We discussed manic depression and schizophrenia. We explored the characteristics of both conditions, including the meaning of the terms themselves. We looked at the medical view regarding the cause of these conditions, and the interventions which are accepted as having value by the medical profession. Whilst exploring the ways in which psychotherapy can be of benefit to people diagnosed as having manic depression and schizophrenia, I repeatedly mentioned that this work is best left until the therapist is experienced and accredited. Given the delicate nature of this work, there is potential to do harm without adequate experience.
As with all topics discussed during the talk, we explored the potential of a broader, more holistic approach to and understanding of manic depression and schizophrenia, including the judicious use of medication, psychotherapy, and life-relevant issues such as relationships, confidence and assertiveness-building, and ways of helping people get their lives back on track and become empowered. Regarding manic depression and schizophrenia, we discussed the possibility that the experiences characteristic of these conditions might be understandable in the context of the person’s life. This was a common theme throughout the various topics we discussed.
We explored the meaning of terms used in connection with schizophrenia such as delusions, hallucinations, paranoia, and thought disorder. I presented the group with information they were not likely to have come across previously, such as the repeated research finding that outcomes from schizophrenia in under-developed, poorer countries are significantly better than in developed, westernised countries. We discussed the possible implications of these and other research findings during our meeting.
Therapists frequently find themselves working with people who are taking psychiatric medication. This medication may well be a ‘live’ issue in the therapy room; a relatively common effect of psychiatric medication is to change – to varying degrees, depending on the medication – how people feel, and how in touch with their feelings and experiences they are. Consequently, I spend a considerable amount of time on medication. I attempted to simplify this rather complicated area, focusing on what therapists need to know, what is relevant to the therapist-client interaction. We explored the various theories regarding how these drugs act, benefits and adverse effects. We discussed issues such as addiction and dependence. I suggested to the group that they get 1-2 good sources of information about psychiatric medication as a reference source. Whilst some therapists are familiar with the MIMS (the Irish doctors’ medication handbook), my personal preference would be a relatively up-to-date copy of the British National Formulary, which provides more information than MIMS, is well structured and organised, and easy to access. We also briefly touched on Electro-Convulsive Therapy (ECT, ‘Shock’ treatment). We touched on other relevant topics, such as the medical approach to anxiety, and the concept of ‘personality disorder’, as understood by the medical profession.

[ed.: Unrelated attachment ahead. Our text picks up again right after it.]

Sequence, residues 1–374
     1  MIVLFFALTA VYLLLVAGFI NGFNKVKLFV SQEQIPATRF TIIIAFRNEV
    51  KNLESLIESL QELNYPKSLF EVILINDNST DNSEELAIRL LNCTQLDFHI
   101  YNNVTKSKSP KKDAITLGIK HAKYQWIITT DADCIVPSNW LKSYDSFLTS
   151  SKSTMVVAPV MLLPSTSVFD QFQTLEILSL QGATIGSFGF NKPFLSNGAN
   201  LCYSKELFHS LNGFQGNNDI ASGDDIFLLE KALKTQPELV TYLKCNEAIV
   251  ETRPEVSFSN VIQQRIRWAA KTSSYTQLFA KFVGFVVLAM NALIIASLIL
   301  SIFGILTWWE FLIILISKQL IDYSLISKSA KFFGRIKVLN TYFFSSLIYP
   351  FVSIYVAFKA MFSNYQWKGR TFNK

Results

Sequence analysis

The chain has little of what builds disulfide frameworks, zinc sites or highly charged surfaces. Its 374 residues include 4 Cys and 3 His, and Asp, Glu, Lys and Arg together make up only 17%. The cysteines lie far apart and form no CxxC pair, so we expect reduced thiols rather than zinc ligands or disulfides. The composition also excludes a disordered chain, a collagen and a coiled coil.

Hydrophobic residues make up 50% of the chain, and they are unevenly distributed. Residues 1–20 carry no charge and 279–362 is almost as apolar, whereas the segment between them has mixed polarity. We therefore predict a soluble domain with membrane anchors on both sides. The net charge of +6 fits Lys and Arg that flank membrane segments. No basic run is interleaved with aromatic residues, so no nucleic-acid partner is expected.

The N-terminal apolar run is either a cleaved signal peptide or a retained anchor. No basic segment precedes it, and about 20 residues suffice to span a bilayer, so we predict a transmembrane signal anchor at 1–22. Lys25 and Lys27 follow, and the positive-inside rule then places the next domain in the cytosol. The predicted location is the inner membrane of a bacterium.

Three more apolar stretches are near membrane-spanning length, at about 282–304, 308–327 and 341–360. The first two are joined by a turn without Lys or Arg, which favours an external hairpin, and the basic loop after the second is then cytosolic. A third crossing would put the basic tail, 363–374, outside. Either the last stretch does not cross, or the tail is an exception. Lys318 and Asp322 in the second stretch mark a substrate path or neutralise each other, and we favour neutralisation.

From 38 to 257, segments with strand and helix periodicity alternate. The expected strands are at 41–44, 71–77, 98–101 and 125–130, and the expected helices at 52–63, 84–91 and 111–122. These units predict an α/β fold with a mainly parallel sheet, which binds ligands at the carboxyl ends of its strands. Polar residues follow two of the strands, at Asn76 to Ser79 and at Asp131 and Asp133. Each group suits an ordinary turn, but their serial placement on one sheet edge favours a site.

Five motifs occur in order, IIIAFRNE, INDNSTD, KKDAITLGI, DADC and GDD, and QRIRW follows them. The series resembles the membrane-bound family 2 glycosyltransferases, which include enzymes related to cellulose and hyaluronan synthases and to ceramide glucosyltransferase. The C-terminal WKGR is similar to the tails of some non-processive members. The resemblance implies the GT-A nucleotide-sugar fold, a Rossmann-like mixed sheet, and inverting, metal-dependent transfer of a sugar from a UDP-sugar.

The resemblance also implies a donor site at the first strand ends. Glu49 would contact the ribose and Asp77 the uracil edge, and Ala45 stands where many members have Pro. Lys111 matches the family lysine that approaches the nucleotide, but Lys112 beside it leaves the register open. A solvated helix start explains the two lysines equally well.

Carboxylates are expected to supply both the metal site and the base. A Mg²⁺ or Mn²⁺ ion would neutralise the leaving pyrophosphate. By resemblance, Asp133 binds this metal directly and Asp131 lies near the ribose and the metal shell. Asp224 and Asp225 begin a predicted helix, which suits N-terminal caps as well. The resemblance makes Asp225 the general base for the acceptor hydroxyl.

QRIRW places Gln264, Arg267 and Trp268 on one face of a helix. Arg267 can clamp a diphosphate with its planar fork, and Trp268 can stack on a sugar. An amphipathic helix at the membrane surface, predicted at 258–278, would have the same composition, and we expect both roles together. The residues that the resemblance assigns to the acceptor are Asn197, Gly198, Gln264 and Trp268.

I sought to give the participants some insights into how doctors think, and how doctors process the information which their patients give them regarding their experience of distress. There was considerable interaction within the meeting, and some lively debate. I believe that all psychotherapy training courses and their trainees could benefit from including more training on the medical approach to mental health problems. Without such training, therapists have a lack of knowledge of an important part of the mental health care spectrum, one which frequently impacts upon the client-therapist relationship and work more than is sometimes realised – the medical approach to mental health problems. The medical approach to mental health problems is quite a vast area. Therapists do not need to study this vast area in depth, but I believe they do need to have a working understanding of the medical approach in as much as it is relevant to therapy work. Given the hands-on and experiential nature of psychotherapy training, in my opinion teaching sessions on the medical approach to mental health problems are best when they involve interaction and input from trainees and trainers, rather than in a more formal ‘lecture’ format.
I felt that the theme of the meeting was very valuable and important. Having worked as a GP for over ten years, and having completed psychotherapy training, I felt very comfortable being involved, having one foot in each ‘camp’, so to speak. I saw my role primarily to explore with the trainees the traditional medical approach to mental health problems, since this is what these trainees will find themselves engaging with on a regular basis in their work. Central issues here included the process by which doctors make psychiatric diagnoses, the various medications used, and the effects of medication which might be relevant within the therapist-client interaction.
It is in the client’s interest that all personnel with whom they are involved work in harmony with each other. We have some way to go on this. While there is an increasing realisation within medicine of the value of psychotherapy, there remains a chasm between the two approaches which is certainly not in the best interests of clients.
Terry Lynch works in mental health combining his psychotherapy training and fifteen years experience in general medical practice. A new, expanded edition of his book Beyond Prozac was published in April 2005 by Marino/ Mercier.